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Army Corps of Engineers Studies on Methylmercury: Hamilton Wetland Restoration Project William N. Brostoff, Ph. D. San Francisco District, USACE.

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Presentation on theme: "Army Corps of Engineers Studies on Methylmercury: Hamilton Wetland Restoration Project William N. Brostoff, Ph. D. San Francisco District, USACE."— Presentation transcript:

1 Army Corps of Engineers Studies on Methylmercury: Hamilton Wetland Restoration Project William N. Brostoff, Ph. D. San Francisco District, USACE

2 2 OUTLINE Overview & Status of Hamilton Wetland Restoration Project (HWRP). Goals of Methylmercury Study. Current projects & interim results. Basic & Applied Science Studies. Monitoring & Adaptive Management Plan. Future direction.

3 3 HWRP Background Site was originally wetland/intertidal salt marsh. Diked and drained for agricultural use in mid-19 th century. Ag lands converted to Army Air Base in 1932. Base Realignment and Closure (BRAC) in 1980s. Project intent: ecosystem restoration. dredged material disposal. 630 acres of wetland. 1000 acres total project. Sponsor: California State Coastal Conservancy.

4 4 Three broad habitat types: Intertidal marsh and mudflat Seasonal wetland Upland Wildlife Corridor Intertidal berms Other Features Replicate freshwater & brackish ponds, salt pannes, islands Project Goals

5 5 HWRP & Adaptive Management Biologists Contribution Plant selection guided by seasonal field survey relating salinity, inundation cycle, etc. Pilot study of plant suitability (spp. & abundance). Bird surveys in reference areas to fine tune project design and serve as BACI component for monitoring. Engineers Contribution Provide for varying salinity, depths, timing of inundation in ponds within seasonal wetland, and blend of dredged material Provide habitat diversity independent of sea-level rise

6 6 MeHg Project Goals Sponsored by San Francisco Bay Long Term Management Strategy (LTMS). Guidance for Hamilton Wetland Restoration Project (HWRP) & other restoration in SF Bay. Initial Design. Basis for Monitoring and Adaptive Management Plan.

7 7 USACE San Francisco District Al Paniccia - Project Manager USACE Engineer Research and Development Center (ERDC) Vicksburg, MS Dr. Herbert Fredrickson – Project Management, Environmental Microbiologist Dr. Elly Best – Project Management, Plant Ecophysiologist Dr. Gui Lotufo – Aquatic Toxicologist Dr. Rod Millward – Aquatic Toxicologist Dr. Bobby Jones – Environmental Chemist Mr. John Brezina – Field Support Dr. Tony Bednar – Environmental Chemist others University of Trent, Canada Dr. Holger Hintelmann – Environmental Chemist Dr. Olivier Clarisse – Environmental Chemist Dr. Brian Dimock – Environmental Chemist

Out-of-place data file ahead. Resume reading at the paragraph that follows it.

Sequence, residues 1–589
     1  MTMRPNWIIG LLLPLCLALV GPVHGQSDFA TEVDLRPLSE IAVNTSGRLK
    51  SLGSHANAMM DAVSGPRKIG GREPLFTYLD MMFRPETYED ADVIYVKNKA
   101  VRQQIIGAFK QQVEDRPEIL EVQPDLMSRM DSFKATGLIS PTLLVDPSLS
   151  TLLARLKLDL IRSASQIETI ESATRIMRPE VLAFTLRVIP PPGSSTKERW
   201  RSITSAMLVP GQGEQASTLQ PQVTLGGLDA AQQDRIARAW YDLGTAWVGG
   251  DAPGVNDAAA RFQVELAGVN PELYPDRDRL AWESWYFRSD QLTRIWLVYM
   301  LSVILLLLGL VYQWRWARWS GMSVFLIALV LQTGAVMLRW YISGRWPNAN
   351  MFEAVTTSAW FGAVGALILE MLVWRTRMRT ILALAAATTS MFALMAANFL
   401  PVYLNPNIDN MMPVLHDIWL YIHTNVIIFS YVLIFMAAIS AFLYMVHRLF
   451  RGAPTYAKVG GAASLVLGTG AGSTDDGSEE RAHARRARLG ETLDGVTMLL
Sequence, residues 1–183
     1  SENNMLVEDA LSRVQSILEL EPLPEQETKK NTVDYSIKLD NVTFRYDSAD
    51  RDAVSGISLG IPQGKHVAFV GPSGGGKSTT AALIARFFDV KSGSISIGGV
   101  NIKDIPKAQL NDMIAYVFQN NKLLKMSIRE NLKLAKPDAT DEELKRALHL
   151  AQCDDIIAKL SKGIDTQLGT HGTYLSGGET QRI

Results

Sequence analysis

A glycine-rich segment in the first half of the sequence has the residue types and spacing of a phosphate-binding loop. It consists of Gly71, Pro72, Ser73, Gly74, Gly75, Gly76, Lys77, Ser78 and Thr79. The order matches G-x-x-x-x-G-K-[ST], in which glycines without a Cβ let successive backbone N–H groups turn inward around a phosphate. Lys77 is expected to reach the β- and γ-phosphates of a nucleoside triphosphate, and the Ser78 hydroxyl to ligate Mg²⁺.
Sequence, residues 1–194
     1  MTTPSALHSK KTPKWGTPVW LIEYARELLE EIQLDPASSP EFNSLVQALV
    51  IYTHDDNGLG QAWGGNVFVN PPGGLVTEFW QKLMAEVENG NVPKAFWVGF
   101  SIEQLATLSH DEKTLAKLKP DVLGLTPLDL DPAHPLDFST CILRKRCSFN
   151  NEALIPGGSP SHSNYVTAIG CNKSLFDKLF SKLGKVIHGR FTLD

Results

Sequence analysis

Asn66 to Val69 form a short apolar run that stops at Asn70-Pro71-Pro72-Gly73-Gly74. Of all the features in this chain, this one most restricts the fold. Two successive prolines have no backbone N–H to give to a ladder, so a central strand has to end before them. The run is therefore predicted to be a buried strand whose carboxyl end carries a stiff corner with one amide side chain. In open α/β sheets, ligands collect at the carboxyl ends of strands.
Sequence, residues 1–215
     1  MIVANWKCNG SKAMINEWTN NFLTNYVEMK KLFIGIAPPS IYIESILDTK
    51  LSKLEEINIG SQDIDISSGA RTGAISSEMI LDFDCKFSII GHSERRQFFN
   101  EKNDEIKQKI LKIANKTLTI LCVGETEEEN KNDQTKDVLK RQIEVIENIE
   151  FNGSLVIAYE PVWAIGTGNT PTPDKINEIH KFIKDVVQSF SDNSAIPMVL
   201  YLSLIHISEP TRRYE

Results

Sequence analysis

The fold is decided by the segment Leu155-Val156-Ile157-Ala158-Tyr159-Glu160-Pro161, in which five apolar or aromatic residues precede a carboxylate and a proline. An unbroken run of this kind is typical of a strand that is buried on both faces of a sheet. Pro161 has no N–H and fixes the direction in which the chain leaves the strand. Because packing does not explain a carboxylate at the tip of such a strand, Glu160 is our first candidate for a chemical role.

8 8 Research Areas Ultimate goal: Mass balance through food web to generate the technical basis for management options Site specific methylation/demythlation. Diffusive Gradient (DGT) in thin film for monitoring methylmercury. Vegetation as a vector in mercury transport into the food web Dynamics in decomposing macrophytes. Mercury dynamics in food webs. Bioavailability of sediment-associated mercury to macrobenthos. (Most work at Hamilton, China Camp, etc. 2002 – present)

9 9 Methylation/Demethylation Stable isotope ( 199 Hg 2+ and CH 3 200 HG + ) in situ studies to assess methylation & demethylation rates at several locations, seasons etc. Sites: Hamilton, China Camp, Sonoma Fringe Marsh, Sonoma Baylands, Petaluma River (salinity gradient). Sediment cores removed, spiked, incubated 5-72 hrs, returned to lab, sectioned, and analyzed.

10 10 Methylation/Demethylation No site-level differences. Lower MeHg production in vegetated than bare sediments. Seasonal differences. Significant relationship between microbial biomass (Desulfobacter and Desulfovibrio) and MeHg pool size. No significant difference between THg and other sediment characteristics. No relation between THg, MeHg, or estuarine gradients (salinity) and rates of methylation/demythlation. Used rates to produce some first-approximation estimates for site-level methylation rates and exports from HWRP to the Bay

11 11 Diffusive Gradient Thin Film (DGT) for Monitoring Methylmercury Ion exchange resin immobilized in a resin gel, separated from ambient environment by a diffusive gel. Intent was to determine their use as alternatives to sentinel species or conventional snap- shot techniques. Field tests at China Camp and Petaluma River.

12 12 Diffusive Gradient Thin Film (DGT) for Monitoring Methylmercury Good correspondence with conventional analytical techniques. (Study on clams and fish still underway). Limit of detection 30 pg L -1 for 24 hr deployment (lower values require longer times). Advantages: Yields time-averaged values. Temporal integration. Accurate results for porewater. High spatial resolution (e.g., thin layers). Used in tandem with other gel-based sampling techniques to look at sulfide, sulfate, manganese and iron.